+1 I used to love watching the look of anticipation turn in to a look of horror when one of my buddies rocket creations didn't fly as planned and either blew up, landed in the bed of a passing truck, or just crashed because the chute melted... Oh good times, good times...
Link Posted: 10/2/2007 12:09:10 PM EST
[Last Edit: 10/2/2007 12:09:40 PM EST by Dragonfly228]

Originally Posted By Keith-J:
But look! They actually have a WOMAN in the design team


Where?
Link Posted: 10/2/2007 12:38:55 PM EST
So are they going to launch this thing vertically or at an angle? I'll need to know to figure out how deep to dig a safety bunker.
Link Posted: 10/2/2007 1:02:53 PM EST

Originally Posted By Partisan:
Will they celebrate by getting laid?


"Wow, two firsts in one day! This is the greatest day EVER!"
Link Posted: 10/2/2007 1:10:40 PM EST

Originally Posted By NAKED-GUNMAN:
And on top of that, it just looks cool

Yepper...we gots some engineers here.

Bet it goes boom on the maiden flight.

If you'd looked at the web site, you'd realize that these guys run a company that makes kits for large model rockets. This model lets them push the envelope a bit, get some publicity, and have some fun. It's a win no matter what happens.
Link Posted: 10/2/2007 1:13:22 PM EST
In Thrust We Trust!!

That thing needs a bunch of boost to get up, and I am curious to know how the control the X-wing after the rockets flame out. I bet all the R/C does is pop the parachutes.

BIGGER_HAMMER
Link Posted: 10/2/2007 1:13:39 PM EST

Originally Posted By Codename46:
Now if they only made a model of the U.S.S Enterprise-E that will fly...


The phrase "as aerodynamic as a chandelier humping a platter" comes to mind.
Link Posted: 10/2/2007 1:13:55 PM EST
I wonder why they're even messing with the opening wings. It takes 35 seconds, so it's not going to be a dramatic thing like in the movie. They should just launch it twice, once closed, once open. I also think that the moving wings are going to jack up what little aerodynamics that thing has.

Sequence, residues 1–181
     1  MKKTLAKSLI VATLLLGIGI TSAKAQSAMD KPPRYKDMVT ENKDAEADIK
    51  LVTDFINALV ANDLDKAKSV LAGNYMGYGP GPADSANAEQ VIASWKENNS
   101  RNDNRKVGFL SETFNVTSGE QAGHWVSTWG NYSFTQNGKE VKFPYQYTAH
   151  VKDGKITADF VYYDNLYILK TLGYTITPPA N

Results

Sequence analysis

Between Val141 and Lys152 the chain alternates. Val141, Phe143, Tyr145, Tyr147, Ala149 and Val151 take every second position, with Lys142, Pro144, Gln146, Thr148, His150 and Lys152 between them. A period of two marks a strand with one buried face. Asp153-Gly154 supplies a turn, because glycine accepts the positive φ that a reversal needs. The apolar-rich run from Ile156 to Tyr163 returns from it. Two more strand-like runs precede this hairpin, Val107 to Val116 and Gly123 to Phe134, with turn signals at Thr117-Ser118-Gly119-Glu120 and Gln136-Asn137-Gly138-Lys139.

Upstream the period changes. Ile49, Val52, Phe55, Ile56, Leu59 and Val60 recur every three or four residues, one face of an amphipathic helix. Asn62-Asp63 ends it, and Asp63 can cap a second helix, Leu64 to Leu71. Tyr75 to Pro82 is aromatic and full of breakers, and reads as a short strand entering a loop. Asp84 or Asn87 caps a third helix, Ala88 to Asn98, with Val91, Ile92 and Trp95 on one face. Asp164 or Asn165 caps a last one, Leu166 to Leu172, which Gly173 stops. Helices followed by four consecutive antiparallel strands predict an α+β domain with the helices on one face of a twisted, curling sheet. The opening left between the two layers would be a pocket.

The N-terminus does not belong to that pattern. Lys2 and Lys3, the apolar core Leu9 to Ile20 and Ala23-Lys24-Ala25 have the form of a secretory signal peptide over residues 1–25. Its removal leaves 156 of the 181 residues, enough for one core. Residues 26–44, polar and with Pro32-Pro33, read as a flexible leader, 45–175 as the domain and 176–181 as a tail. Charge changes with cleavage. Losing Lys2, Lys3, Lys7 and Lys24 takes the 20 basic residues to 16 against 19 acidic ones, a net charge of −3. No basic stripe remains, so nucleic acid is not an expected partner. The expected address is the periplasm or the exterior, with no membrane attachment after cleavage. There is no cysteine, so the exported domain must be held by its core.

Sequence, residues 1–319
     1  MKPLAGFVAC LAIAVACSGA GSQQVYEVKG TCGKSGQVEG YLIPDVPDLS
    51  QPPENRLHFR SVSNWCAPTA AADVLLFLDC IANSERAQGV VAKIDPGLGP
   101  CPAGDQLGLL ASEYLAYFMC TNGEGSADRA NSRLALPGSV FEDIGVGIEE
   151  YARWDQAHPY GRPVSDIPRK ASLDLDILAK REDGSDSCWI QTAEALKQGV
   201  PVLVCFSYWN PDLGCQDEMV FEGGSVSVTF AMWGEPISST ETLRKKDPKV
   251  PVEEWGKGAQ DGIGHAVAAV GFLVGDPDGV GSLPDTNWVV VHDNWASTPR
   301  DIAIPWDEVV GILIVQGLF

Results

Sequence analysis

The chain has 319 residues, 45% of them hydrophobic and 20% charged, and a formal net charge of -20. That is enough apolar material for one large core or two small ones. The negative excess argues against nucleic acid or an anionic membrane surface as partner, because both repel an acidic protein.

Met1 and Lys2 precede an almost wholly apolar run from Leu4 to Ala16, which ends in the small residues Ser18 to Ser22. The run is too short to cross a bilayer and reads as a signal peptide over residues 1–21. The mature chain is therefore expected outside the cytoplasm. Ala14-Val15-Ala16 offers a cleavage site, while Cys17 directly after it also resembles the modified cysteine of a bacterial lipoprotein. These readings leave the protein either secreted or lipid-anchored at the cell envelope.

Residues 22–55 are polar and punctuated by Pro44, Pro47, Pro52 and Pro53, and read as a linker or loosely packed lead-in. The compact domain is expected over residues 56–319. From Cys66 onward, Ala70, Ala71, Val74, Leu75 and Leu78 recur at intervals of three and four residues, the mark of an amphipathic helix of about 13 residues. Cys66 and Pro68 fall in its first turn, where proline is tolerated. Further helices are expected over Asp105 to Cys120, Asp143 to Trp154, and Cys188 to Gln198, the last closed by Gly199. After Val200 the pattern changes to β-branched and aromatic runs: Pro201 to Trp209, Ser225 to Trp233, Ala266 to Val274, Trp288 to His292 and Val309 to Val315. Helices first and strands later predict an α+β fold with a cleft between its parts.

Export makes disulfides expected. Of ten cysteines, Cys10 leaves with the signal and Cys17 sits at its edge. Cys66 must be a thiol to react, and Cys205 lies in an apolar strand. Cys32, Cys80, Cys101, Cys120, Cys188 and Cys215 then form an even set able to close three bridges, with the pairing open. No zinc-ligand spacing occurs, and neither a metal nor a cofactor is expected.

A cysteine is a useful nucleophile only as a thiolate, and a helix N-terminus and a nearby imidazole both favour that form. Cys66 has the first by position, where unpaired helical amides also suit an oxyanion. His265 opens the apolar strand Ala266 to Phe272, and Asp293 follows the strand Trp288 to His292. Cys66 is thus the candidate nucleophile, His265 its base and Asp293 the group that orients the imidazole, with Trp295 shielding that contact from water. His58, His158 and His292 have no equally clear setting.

It is way cool though. It would rock to have that sitting in my driveway!

I mess around with model rockets every few years. I found them to be a cheaper alternative to my old hobby of crashing RC airplanes. now that you can get them cheap at wal-mart and target, I just go buy one of the little pre-build AA models and launch kit, pick up a few extra engines, go spend a couple hours in a field, and I'm good for another few years.
Link Posted: 10/2/2007 1:15:10 PM EST
anyone who tags this thread is a loser.
Link Posted: 10/2/2007 1:16:36 PM EST
Link Posted: 10/2/2007 1:23:31 PM EST

Originally Posted By Keith_J:

Originally Posted By Partisan:
Will they celebrate by getting laid?


Good one.

But look! They actually have a WOMAN in the design team!gizmodo.com/assets/resources/2007/10/X-Wing34.jpg

Bet she gets her pick!


And it will be the R2 unit!
Link Posted: 10/2/2007 1:45:23 PM EST
In all seriousness, I cannot see flight possible. With all that fin/wing area at the rear, it probably will be an acceptable rocket, if the CG is far forward.

Unless the wings actually move forward at apogee, the most they can do is guide its downward auger. There is very little comparative lifting body in the forward section.

Link Posted: 10/2/2007 2:15:23 PM EST

Originally Posted By Strider47:
Tag for crash and burn at lift-off.
Link Posted: 10/2/2007 3:36:46 PM EST
What if they launch it horizontally, from a treadmill, that moves in reverse as fast as...


Link Posted: 10/2/2007 3:51:10 PM EST
Looks to be not too far from full-scale (admittedly, it's been a while since I've seen the full scale model).

Which one from the picture is going to be the poor sod they're bunging in the cockpit?
Link Posted: 10/2/2007 3:54:42 PM EST
tag for later
Link Posted: 10/2/2007 4:05:12 PM EST
Geeks...


But then again at least they make something out of their fantasy.